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Market Update

Fed holds rates but announces a slowing pace of quantitative tightening

May 1, 2024


On Wednesday, May 1, 2024, the Federal Open Market Committee (FOMC) voted unanimously to hold the fed funds rate at a target range of 5.25%–5.50%. This marks the sixth consecutive FOMC meeting with no change to the fed funds target and comes as no surprise to market participants who have pushed out expectations for initial Fed cuts. As such, the FOMC statement added a new sentence in its first paragraph explaining, “In recent months, there has been a lack of further progress toward the Committee’s two percent inflation objective.” The other meaningful element in the statement included an announcement that the Fed would slow the pace of decline of its Treasury holdings (i.e., quantitative tightening), reducing its monthly balance sheet runoff from $60 billion to $25 billion. In the press conference following the meeting, Powell was balanced as usual but notably indicated that the Fed’s next move being a hike is “unlikely.”

Impact on rates

Rates fell during the hour following the FOMC announcement, as Powell’s comment about ruling out further hikes began to reflect in the curve. On both the short and long ends of the curve, rates fell about five basis points, reversing movement seen in the recent days. More broadly, rates have climbed considerably since prior FOMC meetings, as evidenced in the chart below. Specifically, two-year swap rates have risen 87 basis points since the January FOMC meeting and five-year swap rates have marched a similar 85 basis points higher. After the beginning of 2024 priced in as many as six rate cuts, market participants now factor in only one discrete cut for the rest of the year. Shifting to long-term yields, it's possible the slowing of quantitative tightening will have an impact on longer-term yields going forward, with fewer Treasurys being purchased by secondary market participants as the Fed reinvests more of its maturing notes, thereby easing the upward pressure on long-term rates.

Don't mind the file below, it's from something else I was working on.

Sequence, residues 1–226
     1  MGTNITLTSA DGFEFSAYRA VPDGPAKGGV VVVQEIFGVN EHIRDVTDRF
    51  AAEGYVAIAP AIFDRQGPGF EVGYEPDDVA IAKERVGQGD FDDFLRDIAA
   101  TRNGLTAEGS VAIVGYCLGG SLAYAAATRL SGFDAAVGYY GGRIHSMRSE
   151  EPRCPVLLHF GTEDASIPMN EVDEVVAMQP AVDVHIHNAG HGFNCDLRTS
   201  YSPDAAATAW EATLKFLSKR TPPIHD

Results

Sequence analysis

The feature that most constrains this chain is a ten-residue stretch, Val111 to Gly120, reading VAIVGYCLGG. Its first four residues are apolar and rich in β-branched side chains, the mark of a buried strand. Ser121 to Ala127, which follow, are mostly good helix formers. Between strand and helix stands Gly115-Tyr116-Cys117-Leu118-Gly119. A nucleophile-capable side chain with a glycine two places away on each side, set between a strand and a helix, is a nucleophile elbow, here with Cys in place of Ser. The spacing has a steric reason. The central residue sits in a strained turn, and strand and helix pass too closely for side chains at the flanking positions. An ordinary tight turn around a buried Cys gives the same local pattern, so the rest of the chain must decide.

Source: Chatham Financial

Moving forward

While the market will focus on Powell dismissing the possibility of hikes in the near future, it's worth noting he led the meeting sharing that bringing inflation down is “not assured,” highlighting the challenging position the Fed is in currently. Ultimately, while acknowledging that restrictive rates are curbing demand overall, Powell pointed out that labor demand still exceeds supply of available workers, fueling a strong labor market and wage growth. The balance of strong economic growth factors against the Fed’s commitment to bringing inflation down suggests a continued ambiguity on the exact path forward.

Explore a recent Expert Conversation

Joseph LaVorgna, Chief Economist of SMBC Nikko Securities America, Inc. discusses interest rate cuts, upcoming elections, economic challenges, and more.


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